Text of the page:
Alicia Angelbello, Ph.D., a student of the Skaggs Graduate School, studied with UF Scripps Chemistry Department Chair Matthew Disney, Ph.D. She has been awarded the American Chemical Society’s Nobel Signature Award. UF Scripps Chemist Matthew Disney and Skaggs Graduate School student Alicia Angelbello devised a way to potentially treat a…
Rumbaugh lab found that the gene Syngap1 enables normally quiet neurons to spring into activity during sensory challenges, while other neurons are quieted.
Kendall Nettles, PhD, (center) meets with two students in his lab, Jacqline Njeri (left) and Charles Min (right). Nettles and colleagues designed drug-like molecules that appear to fight estrogen-sensitive breast cancer in two ways, in cell studies. Njeri and Min are co-authors on the paper, published August 27, 2021, in…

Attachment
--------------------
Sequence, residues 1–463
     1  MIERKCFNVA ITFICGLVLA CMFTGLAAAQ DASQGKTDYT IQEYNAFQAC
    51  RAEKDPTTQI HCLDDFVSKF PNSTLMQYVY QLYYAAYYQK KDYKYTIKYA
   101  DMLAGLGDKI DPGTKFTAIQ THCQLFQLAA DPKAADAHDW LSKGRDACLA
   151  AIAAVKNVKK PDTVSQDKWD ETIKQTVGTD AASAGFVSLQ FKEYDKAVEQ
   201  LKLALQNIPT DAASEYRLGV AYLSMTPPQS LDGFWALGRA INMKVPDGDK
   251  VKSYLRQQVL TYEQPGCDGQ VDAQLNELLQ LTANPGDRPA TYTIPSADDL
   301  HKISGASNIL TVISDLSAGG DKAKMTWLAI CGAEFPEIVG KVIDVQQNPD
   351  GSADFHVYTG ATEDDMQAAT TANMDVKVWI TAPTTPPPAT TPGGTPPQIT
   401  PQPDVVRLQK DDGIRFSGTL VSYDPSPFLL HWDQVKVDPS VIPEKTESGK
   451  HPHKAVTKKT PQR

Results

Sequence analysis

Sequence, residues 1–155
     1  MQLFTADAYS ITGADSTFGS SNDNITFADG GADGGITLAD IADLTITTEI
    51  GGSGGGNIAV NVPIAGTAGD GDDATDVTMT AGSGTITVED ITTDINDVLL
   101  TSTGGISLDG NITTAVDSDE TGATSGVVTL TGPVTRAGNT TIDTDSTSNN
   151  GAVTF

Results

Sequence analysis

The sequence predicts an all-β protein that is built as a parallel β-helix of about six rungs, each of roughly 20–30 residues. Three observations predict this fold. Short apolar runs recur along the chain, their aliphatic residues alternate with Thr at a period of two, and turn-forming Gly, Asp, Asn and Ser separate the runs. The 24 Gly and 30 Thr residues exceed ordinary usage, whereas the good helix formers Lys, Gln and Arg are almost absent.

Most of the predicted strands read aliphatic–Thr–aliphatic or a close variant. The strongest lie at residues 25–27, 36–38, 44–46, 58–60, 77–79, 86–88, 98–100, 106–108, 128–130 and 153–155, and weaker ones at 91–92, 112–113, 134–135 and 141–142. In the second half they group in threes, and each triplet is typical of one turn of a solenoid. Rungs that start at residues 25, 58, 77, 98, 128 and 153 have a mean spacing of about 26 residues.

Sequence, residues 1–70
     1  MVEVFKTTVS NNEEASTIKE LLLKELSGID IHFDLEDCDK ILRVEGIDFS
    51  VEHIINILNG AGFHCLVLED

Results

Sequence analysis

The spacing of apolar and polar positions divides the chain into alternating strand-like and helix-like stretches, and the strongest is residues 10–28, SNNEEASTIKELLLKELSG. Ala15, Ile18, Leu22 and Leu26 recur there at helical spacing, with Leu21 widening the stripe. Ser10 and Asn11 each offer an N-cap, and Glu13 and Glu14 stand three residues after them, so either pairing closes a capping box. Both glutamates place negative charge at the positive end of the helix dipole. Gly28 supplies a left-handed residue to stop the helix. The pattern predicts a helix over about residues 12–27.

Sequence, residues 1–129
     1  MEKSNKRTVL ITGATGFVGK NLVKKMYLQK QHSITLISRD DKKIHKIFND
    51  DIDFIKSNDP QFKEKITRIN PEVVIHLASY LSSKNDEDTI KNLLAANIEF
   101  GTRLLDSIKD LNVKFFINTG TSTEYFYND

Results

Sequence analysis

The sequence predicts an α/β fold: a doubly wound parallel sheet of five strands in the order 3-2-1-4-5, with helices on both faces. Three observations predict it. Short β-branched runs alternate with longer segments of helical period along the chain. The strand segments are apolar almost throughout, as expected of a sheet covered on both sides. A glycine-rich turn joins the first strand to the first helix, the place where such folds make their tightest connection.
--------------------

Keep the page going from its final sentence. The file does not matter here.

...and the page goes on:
Like a carpenter switching drill bits depending on the job at hand, scientists at Scripps Research in Florida have changed an investigational medicine’s activity by swapping in different molecular tools, in the process, showing a potential new way to address multiple incurable diseases.
The scientists have devised a way to lock HIV in its dormant stage. Now they want to throw away the key.
If KIF5C is knocked out, the team found, the neurons’ ability to branch out dendrites and form input-receiving spines suffers.
When the brain’s synapses are activated, they set off a signaling cascade that results in the expression of long noncoding RNA called “ADEPTR.” The RNA is quickly transported along dendrites to synapses, where it acts on proteins involved in remodeling. (Image courtesy of Jenna Wingfield and Yibo Zhao of the…
Mutations to Dyrk1a gene lead to brain undergrowth with features of autism and intellectual disability. An existing drug rescues the condition in newborn mice, Scripps Florida scientists find.
Study reveals how T cells in the small intestine respond to bile acids, offering localized treatment direction for a cause of chronic illness.
Subramaniam shows that the mutated huntingtin protein slows brain cells’ protein-building machines, called ribosomes.